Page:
Concurrently season 5’s plot deals with the long shadows cast by the dead or deposed leaders who shifted the trajectories of their people, whether in the divided and weakened Saxon England where its new rulership, and a fiery warrior bishop named Heahmund (Jonathan Rhys Meyers) have transformed the stakes from the survival of their people to a war pitting Christianity against pagans and heathens.

Hirst’s contemplative view and portrayal of religion is unique among television series, and “Vikings” fascinates because of its insistent refusal to cast neither Christians nor worshipers of the Norse pantheon as heroes or villains or portray one way as superior to another. Indeed, Ragnar saw the merits and flaws in both and forged a lasting fraternal bond with a Christian monk he first captured and enslaved, and then freed and embraced as a member of his family.

In these new hours, however, religion takes a backseat to philosophy and legacy. With Ragnar gone, his sons are left to decide which part of their father’s legacy to honor.  This creates a political schism that, again, may seem familiar.

Lagertha and Ragnar’s son Bjorn Ironside (Alexander Ludwig) takes up his father’s legacy of exploration, allowing the series to venture more deeply into the Islamic world and expanding Viking influence. Political power, on the other hand, rests with Ragnar and Aslaug’s son Ivar the Boneless (Alex Høgh Andersen) and the Great Heathen Army he raises with his surviving brothers Ubbe (Jordan Patrick Smith) and Hvitserk (Marco Ilsø).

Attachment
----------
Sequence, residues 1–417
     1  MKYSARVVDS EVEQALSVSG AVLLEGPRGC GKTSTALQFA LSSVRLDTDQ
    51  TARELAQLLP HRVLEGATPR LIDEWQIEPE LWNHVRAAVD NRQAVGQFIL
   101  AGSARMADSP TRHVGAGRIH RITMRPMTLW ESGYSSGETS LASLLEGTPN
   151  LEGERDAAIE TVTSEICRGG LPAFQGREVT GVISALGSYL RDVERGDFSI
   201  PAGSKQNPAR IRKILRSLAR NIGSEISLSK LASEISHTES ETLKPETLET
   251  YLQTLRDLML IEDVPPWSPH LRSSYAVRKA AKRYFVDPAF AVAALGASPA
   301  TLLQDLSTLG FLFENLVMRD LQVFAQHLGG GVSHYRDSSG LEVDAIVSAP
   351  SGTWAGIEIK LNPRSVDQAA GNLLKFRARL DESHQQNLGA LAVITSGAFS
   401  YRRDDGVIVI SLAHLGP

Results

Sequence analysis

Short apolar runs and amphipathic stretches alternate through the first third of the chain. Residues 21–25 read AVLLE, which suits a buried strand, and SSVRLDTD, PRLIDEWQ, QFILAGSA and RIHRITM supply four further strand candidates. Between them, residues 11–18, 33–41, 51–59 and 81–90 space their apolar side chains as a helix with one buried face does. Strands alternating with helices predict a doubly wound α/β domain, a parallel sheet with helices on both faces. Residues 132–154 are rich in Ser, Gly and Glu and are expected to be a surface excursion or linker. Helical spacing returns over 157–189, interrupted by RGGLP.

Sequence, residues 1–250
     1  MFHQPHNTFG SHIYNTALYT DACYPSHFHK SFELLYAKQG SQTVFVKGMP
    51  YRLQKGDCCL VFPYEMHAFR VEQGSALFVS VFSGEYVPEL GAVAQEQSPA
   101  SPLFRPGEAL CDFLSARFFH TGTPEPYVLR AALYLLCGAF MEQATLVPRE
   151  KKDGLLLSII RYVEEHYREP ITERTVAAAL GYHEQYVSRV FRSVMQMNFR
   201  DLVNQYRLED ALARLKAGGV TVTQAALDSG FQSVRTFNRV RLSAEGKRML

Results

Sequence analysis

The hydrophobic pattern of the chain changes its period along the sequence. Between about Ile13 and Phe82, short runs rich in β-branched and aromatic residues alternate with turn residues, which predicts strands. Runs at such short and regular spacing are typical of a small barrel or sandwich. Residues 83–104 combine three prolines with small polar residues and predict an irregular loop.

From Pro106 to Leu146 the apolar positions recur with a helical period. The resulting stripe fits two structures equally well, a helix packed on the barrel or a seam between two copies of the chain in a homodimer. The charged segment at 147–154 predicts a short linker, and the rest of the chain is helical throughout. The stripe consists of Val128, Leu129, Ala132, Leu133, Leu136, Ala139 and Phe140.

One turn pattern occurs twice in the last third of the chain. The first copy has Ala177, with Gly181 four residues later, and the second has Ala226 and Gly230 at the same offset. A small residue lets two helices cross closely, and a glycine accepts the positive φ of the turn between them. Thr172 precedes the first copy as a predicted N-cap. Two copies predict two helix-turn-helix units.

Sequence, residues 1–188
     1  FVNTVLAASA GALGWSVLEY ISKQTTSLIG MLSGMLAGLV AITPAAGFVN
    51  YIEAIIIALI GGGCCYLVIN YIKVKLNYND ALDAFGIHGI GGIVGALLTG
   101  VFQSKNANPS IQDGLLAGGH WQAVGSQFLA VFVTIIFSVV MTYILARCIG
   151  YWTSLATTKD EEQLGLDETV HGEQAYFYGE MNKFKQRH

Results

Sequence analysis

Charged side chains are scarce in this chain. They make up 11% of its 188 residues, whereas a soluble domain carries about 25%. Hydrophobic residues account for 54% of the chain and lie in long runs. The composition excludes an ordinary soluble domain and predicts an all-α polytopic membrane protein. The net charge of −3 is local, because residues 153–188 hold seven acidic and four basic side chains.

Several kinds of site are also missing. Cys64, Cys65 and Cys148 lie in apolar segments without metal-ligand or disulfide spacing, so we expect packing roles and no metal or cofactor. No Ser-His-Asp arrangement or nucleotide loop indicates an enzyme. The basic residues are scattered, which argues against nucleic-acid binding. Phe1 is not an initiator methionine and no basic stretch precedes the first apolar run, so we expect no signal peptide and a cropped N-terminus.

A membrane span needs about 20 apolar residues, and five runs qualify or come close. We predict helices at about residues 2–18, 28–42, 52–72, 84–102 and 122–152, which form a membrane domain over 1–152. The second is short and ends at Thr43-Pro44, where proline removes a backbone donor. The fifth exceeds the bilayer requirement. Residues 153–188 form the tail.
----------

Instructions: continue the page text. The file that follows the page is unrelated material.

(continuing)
Textbook accounts of Ivar, such as they are, recall him as a great military strategist. A major reason Andersen’s portrayal of Ivar on “Vikings” has made him a fan favorite is because although he lacks the use of his legs, he’s cunning, cruel, ruthless and a little insane. He despises being insulted and is obsessed with achieving a level of fame and a reputation that eclipses that of his father.

In Hirst’s view Vikings follow strength, even if that strength is demonstrably psychologically imbalanced and thin-skinned. He’s also obsessed with exacting revenge upon Lagertha, which eventually pits him against his own family. It also makes him a handy ally for the ambitious Harald (Peter Franzén), who unsuccessfully schemed to dethrone Lagertha and sees her rulership as weak. (He also plotted against Ragnar, so fair is fair.)

So yes — the new age does seem a little closer to the worst of the Dark Ages and still far, far away from the fantasy island of Wonder Woman’s birth. Justice appears to be moving swiftly for women right now. Maybe the tide will turn in the short run.

As for the long view, settle in. Look to the lessons learned, and still being learned in thrilling, shocking ways by Lagertha and her fellow women warriors on “Vikings.” Look to Kattegat, where victories are as sweet as they are bitter, and the battle for respect never truly ends.


Melanie McFarland

Melanie McFarland is Salon's TV critic. Follow her on Twitter: @McTelevision